This New Jersey Sneaker Retailer Is Still Helping His Community, Though Sales Are Down

Suraj Kaufman has made charity a staple at Sneaker Room. And while the coronavirus crisis has impacted many aspects of business, the storeowner remains committed to his philanthropic mission.

The Jersey City, N.J., retailer is known for his Breast Cancer Awareness-themed collaborations with Nike — among other things — but as COVID-19 quickly consumed the U.S., Kaufman shifted Sneaker Room’s focus to support frontline workers.

At the end of March, the store revealed its “One Day at a Time” charitable T-shirts and hoodies, which Kaufman said raised roughly $6,000 after costs.

With the money, the retailer worked with nearby Heights Pharmacy to purchase personal protective equipment, including latex gloves, N95 masks and other essentials for the Jersey City Medical Center.

Sneaker Room is a valued Nike partner, as they stand for something much bigger than just selling shoes,” said Kevin Dodson, Nike’s VP of basketball footwear. “Through their charitable efforts, they’ve positively impacted many lives in their community and inspired future generations to be catalysts for change.”

When protests emerged nation- wide this spring over the deaths of George Floyd, Breonna Taylor and countless other Black men and women, Sneaker Room again stepped up.

In a showing of support, the retailer shared a post on social media in June, stating “No Room for Racism,” and Kaufman — an Indian-American business owner who employs a staff consisting entirely of minorities — is actively looking for the right charity to get behind.

“People are hurting, and I’m usually good at helping a cause and raising money. But with this, how do we really make an impact? I don’t have that answer yet,” Kaufman said. “We’re trying to figure out the right campaign. We’re trying to figure out what’s going to help, what’s going to make a difference.”

Although its charitable efforts are still going strong, Sneaker Room — like all of retail — has struggled after closing its doors for months. Kaufman said 75% of his business was in-store before the pandemic, which he believes won’t happen again.

“Brick-and-mortar is important in the business that we do, but online is the future,” he said. “It’s scary to think about stores when we’re seeing multibillion-dollar companies that have been around forever — Neiman Marcus and these big chains — going bankrupt. So what we’re trying to do is build a better web presence and get the digital world right.”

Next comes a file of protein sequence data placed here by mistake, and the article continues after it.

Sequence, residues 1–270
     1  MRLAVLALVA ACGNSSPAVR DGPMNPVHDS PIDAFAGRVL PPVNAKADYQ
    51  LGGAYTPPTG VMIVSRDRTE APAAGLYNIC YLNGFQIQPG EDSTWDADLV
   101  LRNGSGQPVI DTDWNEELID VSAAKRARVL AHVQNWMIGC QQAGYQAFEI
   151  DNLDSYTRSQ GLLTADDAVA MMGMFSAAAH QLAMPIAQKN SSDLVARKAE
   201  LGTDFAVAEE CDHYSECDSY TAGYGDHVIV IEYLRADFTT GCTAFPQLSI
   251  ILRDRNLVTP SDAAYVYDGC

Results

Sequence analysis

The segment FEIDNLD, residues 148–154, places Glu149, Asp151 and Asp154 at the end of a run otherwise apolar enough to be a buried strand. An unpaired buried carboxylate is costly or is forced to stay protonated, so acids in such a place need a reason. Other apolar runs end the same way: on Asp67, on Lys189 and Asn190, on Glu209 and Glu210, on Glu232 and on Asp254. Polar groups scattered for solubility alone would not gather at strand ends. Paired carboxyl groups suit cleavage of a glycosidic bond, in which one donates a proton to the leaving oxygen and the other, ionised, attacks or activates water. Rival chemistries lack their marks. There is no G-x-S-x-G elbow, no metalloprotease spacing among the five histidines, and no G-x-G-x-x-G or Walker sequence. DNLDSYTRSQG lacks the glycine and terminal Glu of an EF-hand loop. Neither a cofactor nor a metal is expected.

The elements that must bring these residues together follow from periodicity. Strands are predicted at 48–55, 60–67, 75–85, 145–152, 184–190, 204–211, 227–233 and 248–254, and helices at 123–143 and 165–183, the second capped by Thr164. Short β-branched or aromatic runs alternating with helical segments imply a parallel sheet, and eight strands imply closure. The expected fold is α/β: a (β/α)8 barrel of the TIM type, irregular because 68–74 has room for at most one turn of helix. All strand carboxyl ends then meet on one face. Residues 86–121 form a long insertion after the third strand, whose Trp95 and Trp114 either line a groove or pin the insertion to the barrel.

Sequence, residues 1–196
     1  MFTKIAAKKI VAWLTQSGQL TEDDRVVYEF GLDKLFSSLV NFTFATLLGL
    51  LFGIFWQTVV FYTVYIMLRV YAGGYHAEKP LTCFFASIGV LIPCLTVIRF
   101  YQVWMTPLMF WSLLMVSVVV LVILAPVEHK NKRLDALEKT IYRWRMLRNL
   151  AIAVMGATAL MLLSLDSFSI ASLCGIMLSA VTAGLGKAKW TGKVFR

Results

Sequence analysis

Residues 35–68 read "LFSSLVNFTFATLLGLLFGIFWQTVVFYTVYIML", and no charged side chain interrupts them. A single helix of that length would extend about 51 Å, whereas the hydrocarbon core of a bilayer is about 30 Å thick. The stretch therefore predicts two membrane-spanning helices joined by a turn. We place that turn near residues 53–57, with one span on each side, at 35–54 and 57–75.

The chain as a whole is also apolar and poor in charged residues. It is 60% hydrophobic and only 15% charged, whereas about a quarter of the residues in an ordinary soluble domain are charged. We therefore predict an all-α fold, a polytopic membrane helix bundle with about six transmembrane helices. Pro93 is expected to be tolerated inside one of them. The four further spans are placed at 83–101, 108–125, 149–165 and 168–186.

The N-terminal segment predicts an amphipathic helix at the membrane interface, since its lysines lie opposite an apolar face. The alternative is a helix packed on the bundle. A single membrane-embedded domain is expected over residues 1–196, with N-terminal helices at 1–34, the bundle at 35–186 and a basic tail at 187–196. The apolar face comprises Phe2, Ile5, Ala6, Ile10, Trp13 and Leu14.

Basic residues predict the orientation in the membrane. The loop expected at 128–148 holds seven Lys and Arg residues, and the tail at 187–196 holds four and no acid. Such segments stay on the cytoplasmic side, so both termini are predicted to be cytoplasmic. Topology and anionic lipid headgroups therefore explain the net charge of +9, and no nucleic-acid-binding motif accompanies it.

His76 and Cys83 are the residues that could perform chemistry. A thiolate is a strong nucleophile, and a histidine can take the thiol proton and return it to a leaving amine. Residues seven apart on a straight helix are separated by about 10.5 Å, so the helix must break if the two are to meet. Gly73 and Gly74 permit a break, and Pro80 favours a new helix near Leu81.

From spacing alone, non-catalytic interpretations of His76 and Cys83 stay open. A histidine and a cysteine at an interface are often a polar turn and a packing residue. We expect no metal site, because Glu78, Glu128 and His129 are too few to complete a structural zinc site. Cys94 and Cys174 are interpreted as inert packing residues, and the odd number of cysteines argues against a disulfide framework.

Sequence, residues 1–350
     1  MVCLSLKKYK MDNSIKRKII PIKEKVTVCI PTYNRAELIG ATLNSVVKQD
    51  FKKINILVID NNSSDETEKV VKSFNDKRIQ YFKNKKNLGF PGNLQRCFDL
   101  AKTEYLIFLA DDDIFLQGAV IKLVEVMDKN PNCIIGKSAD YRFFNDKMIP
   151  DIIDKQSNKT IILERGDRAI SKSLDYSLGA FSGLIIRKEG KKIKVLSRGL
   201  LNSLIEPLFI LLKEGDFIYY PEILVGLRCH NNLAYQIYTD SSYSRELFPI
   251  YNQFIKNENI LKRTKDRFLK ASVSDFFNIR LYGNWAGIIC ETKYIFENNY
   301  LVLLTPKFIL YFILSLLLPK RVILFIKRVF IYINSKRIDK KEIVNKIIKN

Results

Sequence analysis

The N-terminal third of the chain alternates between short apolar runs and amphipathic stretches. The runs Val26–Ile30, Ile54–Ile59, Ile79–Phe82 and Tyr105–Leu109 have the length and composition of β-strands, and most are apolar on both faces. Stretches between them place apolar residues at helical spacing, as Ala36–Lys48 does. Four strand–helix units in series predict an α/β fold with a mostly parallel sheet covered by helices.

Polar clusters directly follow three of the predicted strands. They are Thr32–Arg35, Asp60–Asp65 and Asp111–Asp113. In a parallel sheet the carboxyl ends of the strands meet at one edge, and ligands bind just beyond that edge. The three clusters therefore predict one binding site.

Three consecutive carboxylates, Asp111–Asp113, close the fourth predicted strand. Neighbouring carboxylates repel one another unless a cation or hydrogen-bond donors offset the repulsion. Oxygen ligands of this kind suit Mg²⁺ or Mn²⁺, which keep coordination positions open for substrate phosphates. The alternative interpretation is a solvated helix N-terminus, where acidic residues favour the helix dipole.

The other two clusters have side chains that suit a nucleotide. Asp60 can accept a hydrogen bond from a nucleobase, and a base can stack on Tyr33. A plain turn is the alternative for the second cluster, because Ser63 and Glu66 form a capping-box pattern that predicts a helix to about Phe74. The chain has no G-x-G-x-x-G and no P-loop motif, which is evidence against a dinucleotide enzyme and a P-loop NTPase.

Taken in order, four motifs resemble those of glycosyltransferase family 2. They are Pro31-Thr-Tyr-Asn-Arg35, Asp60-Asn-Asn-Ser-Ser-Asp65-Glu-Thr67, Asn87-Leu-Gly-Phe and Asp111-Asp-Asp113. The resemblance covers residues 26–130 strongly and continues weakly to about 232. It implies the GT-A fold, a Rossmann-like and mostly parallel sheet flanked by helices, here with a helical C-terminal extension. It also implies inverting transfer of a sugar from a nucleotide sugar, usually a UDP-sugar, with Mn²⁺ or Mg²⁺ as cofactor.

He continued, “There’s nothing like brick-and-mortar. We have a social club feel where you come and look for a shoe, sit down on our couch and stay for an hour. But I don’t know if that will ever be the same. Consumers are saying, ‘I can get the product I want on the web. Why do I have to go to a store and take a risk?'”

Kaufman is confident there will be a permanent shift in the way people shop post COVID-19 and anticipates a 50-50 sales split between brick-and-mortar and e-commerce moving forward.

Sneaker Room
A look inside Sneaker Room’s storefront in Jersey City, N.J.
CREDIT: Courtesy of Sneaker Room

Though New Jersey retail was allowed to resume operations on June 26, Sneaker Room’s doors remain closed, and Kaufman said he likely won’t reopen until September. During this time, Sneaker Room will continue to sell strictly online.

“We’ve seen the stores open in New York, we’ve seen stores open in New Jersey, we’ve seen malls open. But what’s the point of opening up, bringing all your employees back, when there’s the chance for them to get sick, for customers to get sick?,” Kaufman said. “And then there might be new restrictions put on. Instead of reopening, [some] states are closing back down.”

Kaufman faces a difficult decision. After years of consistent high single-digit growth, he said Sneaker Room is down 35% for the year, and he was forced to lay off half of his staff. (Kaufman, however, did add that he hopes to bring his team back after doors reopen.)

Despite the moment’s bleak outlook, Kaufman and his team are mov- ing forward to keep Sneaker Room afloat and focused on what made it a destination — with philanthropy still at the forefront. The storeowner confirmed that a new charitable collaboration on a Nike Kyrie sneaker will arrive in October.

“Our partnership between Nike Basketball and Sneaker Room has become a favorite project for our team,” Dodson said. “Our teams work closely to craft a narrative that is personal to both Kyrie [Irving] and Sneaker Room, and that ultimately creates a meaningful and authentic story.”

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